Mandates Matter on the Path to Better Borrowing for College

A new NEFE-funded study adds to the body of evidence that financial education mandates improve financial outcomes. Students in states where financial education is required to graduate from high school make better financial aid decisions as college freshmen, shifting from higher-cost to lower-cost borrowing options. Students with lower Expected Family Contributions (EFC) tend to carry smaller credit card balances and are less likely to work during their freshman year when exposed to education through a mandate. And higher-EFC students take on smaller amounts of private loan debt.

Making Better Borrowers

This study, conducted by Carly Urban, Ph.D., and Christiana Stoddard, Ph.D., at Montana State University (MSU), is the first to determine the causal effect of financial education graduation standards on positive college borrowing behaviors. It finds a distinct increase in applications for financial aid and in acceptance of both grants and federal loans when financial education coursework is required by the student’s home state in order to graduate from high school.

Mandates have positive effects on incoming college freshmen, although the effects are different for higher-EFC and lower-EFC students. Students from lower-EFC backgrounds take on more federal loans, have smaller credit card balances and are less likely to work, potentially allowing them more time to focus on their studies, and possibly shortening their total time in college and improving their likelihood of graduating.

For students who take on private loans, the existence of a mandate results in a notable reduction in the amount borrowed — $1,300 on average.

[Note: This research segmented students by EFC above and below $5,000 to distinguish the effects of mandates. It is understood, however, that EFC is an index number for institutions to allocate financial aid, even though many students and families believe it means the amount of money they should contribute to college costs.]

College Enrollment Decisions Unaffected

Mandates do not affect the biggest and most basic financial decisions about college. Students exposed to financial education are no more or less likely to:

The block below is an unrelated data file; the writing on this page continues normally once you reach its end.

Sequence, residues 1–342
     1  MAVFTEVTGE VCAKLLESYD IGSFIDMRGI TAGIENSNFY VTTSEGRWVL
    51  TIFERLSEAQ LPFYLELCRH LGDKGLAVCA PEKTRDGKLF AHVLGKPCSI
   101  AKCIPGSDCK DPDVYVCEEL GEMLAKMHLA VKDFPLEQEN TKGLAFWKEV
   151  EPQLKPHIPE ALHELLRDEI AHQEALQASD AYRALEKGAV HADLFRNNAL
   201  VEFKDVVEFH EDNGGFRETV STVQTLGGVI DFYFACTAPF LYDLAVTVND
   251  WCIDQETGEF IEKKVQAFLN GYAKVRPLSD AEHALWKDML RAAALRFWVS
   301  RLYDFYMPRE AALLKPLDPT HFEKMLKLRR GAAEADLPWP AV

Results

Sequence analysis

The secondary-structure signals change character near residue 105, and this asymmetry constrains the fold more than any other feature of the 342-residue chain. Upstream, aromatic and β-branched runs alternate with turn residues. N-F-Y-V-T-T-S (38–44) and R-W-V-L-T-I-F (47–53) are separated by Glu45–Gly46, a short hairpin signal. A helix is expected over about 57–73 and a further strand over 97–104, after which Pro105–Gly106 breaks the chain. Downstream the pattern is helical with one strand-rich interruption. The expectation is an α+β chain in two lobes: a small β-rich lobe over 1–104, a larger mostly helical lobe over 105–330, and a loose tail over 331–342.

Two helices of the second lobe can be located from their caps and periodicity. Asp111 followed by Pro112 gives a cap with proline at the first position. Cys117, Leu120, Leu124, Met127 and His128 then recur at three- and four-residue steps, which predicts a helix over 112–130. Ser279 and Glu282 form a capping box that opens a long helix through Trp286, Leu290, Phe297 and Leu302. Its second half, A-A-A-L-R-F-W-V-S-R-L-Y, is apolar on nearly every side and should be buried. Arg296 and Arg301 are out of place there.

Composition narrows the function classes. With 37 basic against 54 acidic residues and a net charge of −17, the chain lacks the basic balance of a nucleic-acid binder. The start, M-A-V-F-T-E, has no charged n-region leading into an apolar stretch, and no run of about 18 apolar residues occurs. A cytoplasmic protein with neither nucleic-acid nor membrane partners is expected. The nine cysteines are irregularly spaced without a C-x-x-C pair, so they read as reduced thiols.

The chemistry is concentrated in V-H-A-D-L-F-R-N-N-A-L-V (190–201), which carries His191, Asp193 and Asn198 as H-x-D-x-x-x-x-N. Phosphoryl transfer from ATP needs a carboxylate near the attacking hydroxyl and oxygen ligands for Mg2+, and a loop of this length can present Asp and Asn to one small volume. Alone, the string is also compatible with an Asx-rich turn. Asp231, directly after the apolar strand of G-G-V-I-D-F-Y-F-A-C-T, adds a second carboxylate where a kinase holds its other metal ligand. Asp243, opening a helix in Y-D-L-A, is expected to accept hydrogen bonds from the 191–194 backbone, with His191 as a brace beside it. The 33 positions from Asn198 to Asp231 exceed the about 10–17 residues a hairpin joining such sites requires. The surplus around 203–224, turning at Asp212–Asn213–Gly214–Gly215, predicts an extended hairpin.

• Go to college
  • Choose a college with a different tuition level
  • Choose a different type of education
  • Choose a more selective college
  • Choose a different financing option based on the initial college choice

This research suggests that high school may be too late to influence students’ decisions about whether or not to attend college or the type of higher education they pursue. However, it is not too late to nudge students toward more beneficial decisions about financial aid.

Details about students from families below and above median EFC

Elective vs. Mandated Financial Education

Simply offering a course is not enough to change college financing behavior. Without mandates, elective courses do not appear to have the same positive effects as state requirements for all students. The study tracked students in Montana, a state without a mandate, based on stand-alone personal finance course offerings in high schools. Ultimately, the analysis found no influence on average college financial aid packages and no effect on having federal loans or grants when financial education electives are offered. There was not enough information to determine whether this was due to low take-up, poor implementation, or the type of student voluntarily taking the class.

Finding the Sweet Spot

This study also contributes to previous research from NEFE and others on how to evaluate optimal student debt options and amounts.

“The term ‘student loan debt’ overshadows what should be a more analytical discussion of how to finance college,” says Amy Marty Conrad, managing director of CashCourse, NEFE’s postsecondary financial education program. “Of course, any reduction in the amount borrowed and any improvement in the borrowing terms will improve the bottom line for students and their families.”